In being an act of violence with an apparent political motive, Fields’s alleged actions clearly “count” as terrorism according to most definitions of the term. But there are also parallels between Fields and other terrorists in aspects of his route to Charlottesville.

There’s still a lot we don’t know about Fields, but there is evidence that he was an adherent of a violent and extremist ideology. Just hours before he allegedly drove his car into that crowd, he was seen marching with and carrying a shield featuring the insignia of Vanguard America, a known white-supremacist group. According to Fields’s former high-school teacher Derek Weimer, Fields was also infatuated with the Nazis. “It was obvious that he had this fascination with Nazism and a big idolatry of Adolf Hitler,” Weimer told The Washington Post. “He had white supremacist views. He really believed in that stuff.” A paper Fields wrote in high school, according to the teacher, was a “big lovefest for the German military and the Waffen-SS.”

In American political discourse, terrorism is a label often reserved for followers of a violent interpretation of Islam, whereas people who commit violence in the name of extremist far-right ideology based on …read more

Via:: The Atlantic

      

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The White House Is Under Siege

By David A. Graham

While Donald Trump is on vacation, there are major renovations going on in the West Wing. Perhaps they’ll alter plans and include a portcullis and a moat, because the White House is under siege.

The president is once again facing loud denunciation (though so far little else) from members of his own party. Vice President Pence is cutting short an overseas trip and returning home to an administration in crisis. And Wednesday afternoon, the president announced he was pulling the plug on a manufacturing council and a strategy and policy forum, both comprised of business leaders, after a spree of defections in reaction to Trump’s handing of violence in Charlottesville.

Trump’s campaign for president stood on two legs: the politics of racial grievance, and a promise to bring back manufacturing jobs. What became clear this week is that he can either work with industrial titans on jobs or he can place white identity politics center stage, but he cannot do both. With his open embrace of de-facto white nationalism on Tuesday, Trump made his choice.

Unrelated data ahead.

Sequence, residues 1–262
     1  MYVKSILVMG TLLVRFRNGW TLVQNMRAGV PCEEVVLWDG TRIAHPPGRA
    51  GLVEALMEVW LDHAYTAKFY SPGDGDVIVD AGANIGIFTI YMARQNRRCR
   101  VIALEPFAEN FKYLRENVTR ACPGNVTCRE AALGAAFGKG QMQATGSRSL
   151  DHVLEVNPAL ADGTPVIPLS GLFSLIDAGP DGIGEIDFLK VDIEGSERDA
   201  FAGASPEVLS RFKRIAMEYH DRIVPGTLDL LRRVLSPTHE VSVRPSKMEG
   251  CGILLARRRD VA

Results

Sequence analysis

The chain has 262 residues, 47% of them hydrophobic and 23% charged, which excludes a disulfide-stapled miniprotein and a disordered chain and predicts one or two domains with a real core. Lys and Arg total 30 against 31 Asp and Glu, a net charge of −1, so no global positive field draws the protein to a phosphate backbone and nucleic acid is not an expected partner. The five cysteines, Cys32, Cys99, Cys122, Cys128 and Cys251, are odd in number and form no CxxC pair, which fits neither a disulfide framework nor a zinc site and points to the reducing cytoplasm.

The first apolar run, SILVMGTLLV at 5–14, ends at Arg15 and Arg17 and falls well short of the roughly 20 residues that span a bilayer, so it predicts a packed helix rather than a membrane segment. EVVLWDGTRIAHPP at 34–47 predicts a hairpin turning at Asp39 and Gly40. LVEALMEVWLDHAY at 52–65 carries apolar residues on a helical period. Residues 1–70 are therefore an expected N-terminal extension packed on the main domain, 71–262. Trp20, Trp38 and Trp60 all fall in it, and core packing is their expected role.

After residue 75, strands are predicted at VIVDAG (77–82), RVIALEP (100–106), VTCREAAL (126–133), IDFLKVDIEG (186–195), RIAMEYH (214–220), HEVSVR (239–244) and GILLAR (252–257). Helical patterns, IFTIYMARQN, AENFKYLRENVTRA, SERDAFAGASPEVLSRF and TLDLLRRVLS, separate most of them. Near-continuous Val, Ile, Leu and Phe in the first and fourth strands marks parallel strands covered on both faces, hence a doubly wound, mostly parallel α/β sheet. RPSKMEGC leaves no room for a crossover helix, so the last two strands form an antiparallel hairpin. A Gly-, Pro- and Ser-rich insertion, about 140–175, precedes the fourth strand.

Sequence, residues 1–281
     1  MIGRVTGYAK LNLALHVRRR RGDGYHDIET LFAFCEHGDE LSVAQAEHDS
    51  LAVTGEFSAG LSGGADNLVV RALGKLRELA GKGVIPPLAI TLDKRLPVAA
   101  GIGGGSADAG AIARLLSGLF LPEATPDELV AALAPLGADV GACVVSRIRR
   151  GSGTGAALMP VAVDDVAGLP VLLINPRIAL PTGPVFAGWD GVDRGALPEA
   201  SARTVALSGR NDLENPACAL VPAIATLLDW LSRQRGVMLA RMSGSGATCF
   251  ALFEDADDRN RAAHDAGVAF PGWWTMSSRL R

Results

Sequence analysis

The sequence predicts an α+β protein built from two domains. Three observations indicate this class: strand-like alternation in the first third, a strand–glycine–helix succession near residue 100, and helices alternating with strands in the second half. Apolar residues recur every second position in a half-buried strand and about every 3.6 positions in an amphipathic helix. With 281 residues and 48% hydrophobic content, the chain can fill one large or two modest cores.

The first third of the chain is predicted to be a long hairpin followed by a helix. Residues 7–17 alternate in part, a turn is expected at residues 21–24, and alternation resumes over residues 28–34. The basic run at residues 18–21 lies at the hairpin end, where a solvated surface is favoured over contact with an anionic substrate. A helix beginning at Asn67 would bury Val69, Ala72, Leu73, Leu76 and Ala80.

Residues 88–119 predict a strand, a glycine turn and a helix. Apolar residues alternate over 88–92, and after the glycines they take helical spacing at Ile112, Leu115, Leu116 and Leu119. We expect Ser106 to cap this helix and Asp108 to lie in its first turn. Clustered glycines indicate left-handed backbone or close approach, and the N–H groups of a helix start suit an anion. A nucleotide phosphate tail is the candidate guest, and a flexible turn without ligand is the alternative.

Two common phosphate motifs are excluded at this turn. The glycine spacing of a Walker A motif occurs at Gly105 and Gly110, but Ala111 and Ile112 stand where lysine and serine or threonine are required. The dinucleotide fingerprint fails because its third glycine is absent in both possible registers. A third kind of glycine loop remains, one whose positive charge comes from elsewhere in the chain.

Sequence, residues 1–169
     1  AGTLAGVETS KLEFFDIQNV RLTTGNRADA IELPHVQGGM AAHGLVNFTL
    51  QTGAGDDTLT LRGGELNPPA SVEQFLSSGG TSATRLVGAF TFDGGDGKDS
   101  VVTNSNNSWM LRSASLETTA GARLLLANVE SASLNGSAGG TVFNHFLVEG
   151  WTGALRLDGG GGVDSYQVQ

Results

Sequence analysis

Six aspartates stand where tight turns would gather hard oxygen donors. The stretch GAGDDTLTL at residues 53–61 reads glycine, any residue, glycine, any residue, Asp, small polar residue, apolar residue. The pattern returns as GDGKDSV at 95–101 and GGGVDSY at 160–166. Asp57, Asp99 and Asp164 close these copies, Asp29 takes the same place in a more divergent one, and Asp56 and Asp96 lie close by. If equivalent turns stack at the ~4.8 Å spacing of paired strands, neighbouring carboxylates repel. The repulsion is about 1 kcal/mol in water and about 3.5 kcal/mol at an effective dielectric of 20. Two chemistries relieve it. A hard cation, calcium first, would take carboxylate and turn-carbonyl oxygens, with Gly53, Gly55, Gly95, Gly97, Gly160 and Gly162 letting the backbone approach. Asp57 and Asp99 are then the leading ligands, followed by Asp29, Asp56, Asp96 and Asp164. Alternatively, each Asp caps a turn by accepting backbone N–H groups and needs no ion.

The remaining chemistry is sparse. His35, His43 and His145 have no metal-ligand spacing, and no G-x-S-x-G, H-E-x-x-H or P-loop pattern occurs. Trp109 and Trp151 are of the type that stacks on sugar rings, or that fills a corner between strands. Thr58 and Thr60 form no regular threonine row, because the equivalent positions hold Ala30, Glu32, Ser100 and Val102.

From his border wall with Mexico to his protectionist trade impulses to his vow to end “American carnage,” Trump promised white Americans that he would get them back on their feet, turn back the tides of immigration and progressive social justice, and bring back their jobs.

In order to take on the jobs question, he assembled two panels of blue-chip business leaders, the President’s Manufacturing Council and the Strategy and Policy Forum. The actual utility of presidential panels like this is often hard to judge, but for Trump, they represented the concrete evidence that unlike previous presidents, he …read more

Via:: The Atlantic

      

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Baltimore Takes Down Its Confederate Monuments

By Clare Foran

The city of Baltimore took down four Confederate monuments overnight, less than a week after white nationalists rallied in Charlottesville, Virginia, in support of a monument to Robert E. Lee. “They needed to come down,” the city’s Democratic mayor, Catherine Pugh, said on Wednesday morning. “We moved as quickly as we could.”

In the wake of Charlottesville, where the weekend’s demonstrations and counter-protests led to deadly violence, a contentious debate over Confederate symbols is once again playing out across the United States. The Democratic mayor of Lexington, Kentucky, said on Saturday that he would work to “relocate” Confederate statues, though the state’s Republican governor argued on Tuesday that removing monuments would amount to a “sanitization of history.” In Durham, North Carolina, on Monday, protesters toppled a statue honoring “the boys who wore the gray,” an act that has already led to one arrest.

The decision to extract Baltimore’s monuments during the night, and with relatively little fanfare, was reportedly motivated by city officials’ desire to avoid public clashes.